6 Remarkable Golfers Who Overcame Their Disabilities
GOLF is a great leveller. It is, in equal measure, the most rewarding yet the most frustrating game. It has reduced grown men and women to tears. Even if you have never thrown a club in anger, there will have been times when you have been tempted to do so. Just when we think we have got it cracked, it jumps up and slaps us down again with a painful reminder of just how difficult it can be.
For able-bodied individuals it is difficult enough, but imagine how hard it must be for disabled golfers. And there’s the rub - all over the world tens of thousands of people suffering from all kinds of physical and mental disabilities get the same enjoyment from this wonderful game as the rest of us. Here, we look at a few remarkable individuals. No doubt you will be able to tell us about some you have come across too.
You won’t have heard of Kenny. He is somebody I have known for about 15 years and he is a quite remarkable individual. He drove for a living and was diagnosed with bone cancer in his right arm. Doctors concluded that the only way to get rid of it was to amputate Kenny’s right arm. It meant that he lost his job. He was right-handed, so it also meant that he had to re-learn every other basic skill that the rest of us take for granted. Eating, writing, driving a car, changing his clothes, washing… He would never admit it, but life must have been incredibly tough for him and his family. But Kenny Minter is a remarkable character, a man with a real zest for life. He picked up the pieces and got on with things, and always with a smile on his face. He had been a keen golfer, and would be the first to admit that he really wasn’t terribly good. But now he had time to kill. So he learnt how to play golf with one arm. And do you know what? He actually became a better golfer than he had ever been with two arms. We call him the one-armed bandit. He never misses a fairway and he chips and putts like a demon. The cancer returned, but he fought it off and, now into his seventies, he is still playing and is still making us all laugh. A true inspiration!
Manuel De Los Santos
You may well have seen De Los Santos. A one-time promising baseball player from the Dominican Republic, he lost a leg in a car crash and started playing golf in 2004. In daily life he uses a prosthetic, but he discards it on when he plays golf. In 2010 he was playing in the Dunhill Links Championship, off a handicap of three. He uses crutches to walk between shots but demonstrates amazing balance and coordination to hit shots while standing on one leg. And he hits the ball a mile.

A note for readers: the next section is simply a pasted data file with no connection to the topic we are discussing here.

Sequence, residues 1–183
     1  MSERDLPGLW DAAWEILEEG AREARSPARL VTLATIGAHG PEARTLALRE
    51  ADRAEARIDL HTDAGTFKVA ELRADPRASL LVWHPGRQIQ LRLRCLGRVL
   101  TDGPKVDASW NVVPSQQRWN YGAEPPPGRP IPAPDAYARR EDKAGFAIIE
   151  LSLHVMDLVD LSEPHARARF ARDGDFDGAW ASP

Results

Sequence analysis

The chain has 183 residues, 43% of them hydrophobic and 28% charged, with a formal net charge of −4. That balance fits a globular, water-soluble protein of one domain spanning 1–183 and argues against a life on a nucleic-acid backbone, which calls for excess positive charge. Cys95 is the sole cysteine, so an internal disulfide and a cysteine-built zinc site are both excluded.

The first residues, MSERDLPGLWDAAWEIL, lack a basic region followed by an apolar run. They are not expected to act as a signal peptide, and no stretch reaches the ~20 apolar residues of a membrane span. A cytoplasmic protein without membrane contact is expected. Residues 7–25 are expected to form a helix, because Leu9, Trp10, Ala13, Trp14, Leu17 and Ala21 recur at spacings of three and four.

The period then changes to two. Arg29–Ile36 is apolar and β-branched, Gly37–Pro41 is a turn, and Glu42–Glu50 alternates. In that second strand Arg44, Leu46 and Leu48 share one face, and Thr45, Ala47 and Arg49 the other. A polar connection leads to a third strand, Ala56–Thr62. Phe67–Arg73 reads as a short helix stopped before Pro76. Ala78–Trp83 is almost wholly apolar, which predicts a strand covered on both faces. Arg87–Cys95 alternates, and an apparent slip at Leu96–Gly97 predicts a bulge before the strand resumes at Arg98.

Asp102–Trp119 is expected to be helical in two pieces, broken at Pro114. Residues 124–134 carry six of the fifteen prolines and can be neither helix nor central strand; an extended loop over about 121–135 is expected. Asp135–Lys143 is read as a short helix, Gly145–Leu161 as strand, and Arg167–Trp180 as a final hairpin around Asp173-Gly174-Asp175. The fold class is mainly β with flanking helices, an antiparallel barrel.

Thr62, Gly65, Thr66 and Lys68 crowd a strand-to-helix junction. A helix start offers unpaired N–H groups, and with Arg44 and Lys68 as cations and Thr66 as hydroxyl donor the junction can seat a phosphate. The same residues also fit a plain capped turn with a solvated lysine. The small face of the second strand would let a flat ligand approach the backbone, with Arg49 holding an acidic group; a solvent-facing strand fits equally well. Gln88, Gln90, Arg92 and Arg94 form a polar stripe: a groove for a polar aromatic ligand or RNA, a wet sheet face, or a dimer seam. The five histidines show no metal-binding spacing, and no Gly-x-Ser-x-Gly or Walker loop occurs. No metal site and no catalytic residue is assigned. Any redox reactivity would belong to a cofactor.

Chris was diagnosed with bone cancer at the age of five and went through chemotherapy before the cancer returned – doctors decided to amputate his left leg at the age of nine. It was a devastating, life-changing experience for a young boy. However, he chose to embrace it and has become an inspiration to many, and a leading light for disabled golf in the UK. He is not just any one-legged golfer. He is a professional, and a damn good one at that.“I am the assistant pro at Hanbury Manor,” he says. "Hopefully one day I can get a Head Pro’s job somewhere and see where it takes me really. My whole aim is to hopefully be one of the leading coaches in disability golf if it grows big enough and, as I say, get more people into it. Very much that is the aim but it might take me a few years to get there though!”
Newton lost the 1975 Open Championship in a playoff to Tom Watson. He was one of the best golfers in the world until, in July 1983, he walked into the spinning propeller of a light aircraft. He lost his right arm and eye, and sustained severe abdominal injuries. A severe rainstorm was in progress at the time. Doctors gave Newton a 50-50 chance of surviving. He spent several days in a coma and eight weeks in intensive care. After a prolonged rehabilitation from his injuries, Newton returned to public life as a television and radio golf commentator, newspaper reporter, golf course designer, public speaker and chairman of the Jack Newton Junior Golf Foundation. He taught himself to play golf one-handed, swinging the club with his left hand in a right-handed stance and at one time got back down to single figurers.
Green won five times on the PGA Tour. It is fair to say that the American had a troubled life. He was fined for sneaking friends into The Masters in the boot of his car and for drinking beer while playing with Arnold Palmer at Augusta in 1997. He suffered from depression, gambled and endured near financial ruin. He routinely found himself in trouble for swearing on the golf course and for criticising officials. His son committed suicide and Green himself had an alcoholic father and suffered years of sexual abuse. But his life was turned upside down when his motor home left the road and careered down an embankment before hitting a tree. His brother and girlfriend died in the accident and Green lost the lower part of his right leg. He vowed to return to competitive golf and, incredibly, did so on the Champions Tour.
Jones, from Manchester, was a professional golfer who lost his right leg during the First World War. It should have finished his sporting career. It didn’t. He returned home and taught himself to play again, initially walking on crutches and then employing a prosthetic. In his very first round without his right leg he shot an 83 at Royal Norwich. In 1923, Jones accepted the position of head professional at the Women's National Golf and Tennis Club in Long Island, New York. It marked the start of a long and distinguished career as a golf teacher, writing two books on the subject. In 1965 he was the recipient of the Ben Hogan award and in 1977 he was inducted into the World Golf Teachers Hall of Fame. He was a man who made light of his disability.
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